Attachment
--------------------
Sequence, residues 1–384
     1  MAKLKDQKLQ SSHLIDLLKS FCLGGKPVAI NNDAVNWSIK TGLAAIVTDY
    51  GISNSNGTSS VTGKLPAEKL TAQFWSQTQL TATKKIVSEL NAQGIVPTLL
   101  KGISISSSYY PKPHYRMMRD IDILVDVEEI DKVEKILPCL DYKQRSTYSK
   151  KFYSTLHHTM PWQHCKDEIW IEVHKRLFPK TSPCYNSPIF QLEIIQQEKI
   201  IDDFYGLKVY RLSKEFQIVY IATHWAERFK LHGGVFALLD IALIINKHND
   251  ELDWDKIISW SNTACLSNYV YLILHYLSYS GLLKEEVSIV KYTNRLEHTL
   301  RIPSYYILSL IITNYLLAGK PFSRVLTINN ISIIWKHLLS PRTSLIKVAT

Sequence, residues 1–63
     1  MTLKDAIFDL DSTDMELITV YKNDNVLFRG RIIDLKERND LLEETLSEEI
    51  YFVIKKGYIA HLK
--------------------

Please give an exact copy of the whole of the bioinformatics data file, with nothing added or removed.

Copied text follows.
Sequence, residues 1–384
     1  MAKLKDQKLQ SSHLIDLLKS FCLGGKPVAI NNDAVNWSIK TGLAAIVTDY
    51  GISNSNGTSS VTGKLPAEKL TAQFWSQTQL TATKKIVSEL NAQGIVPTLL
   101  KGISISSSYY PKPHYRMMRD IDILVDVEEI DKVEKILPCL DYKQRSTYSK
   151  KFYSTLHHTM PWQHCKDEIW IEVHKRLFPK TSPCYNSPIF QLEIIQQEKI
   201  IDDFYGLKVY RLSKEFQIVY IATHWAERFK LHGGVFALLD IALIINKHND
   251  ELDWDKIISW SNTACLSNYV YLILHYLSYS GLLKEEVSIV KYTNRLEHTL
   301  RIPSYYILSL IITNYLLAGK PFSRVLTINN ISIIWKHLLS PRTSLIKVAT

Sequence, residues 1–63
     1  MTLKDAIFDL DSTDMELITV YKNDNVLFRG RIIDLKERND LLEETLSEEI
    51  YFVIKKGYIA HLK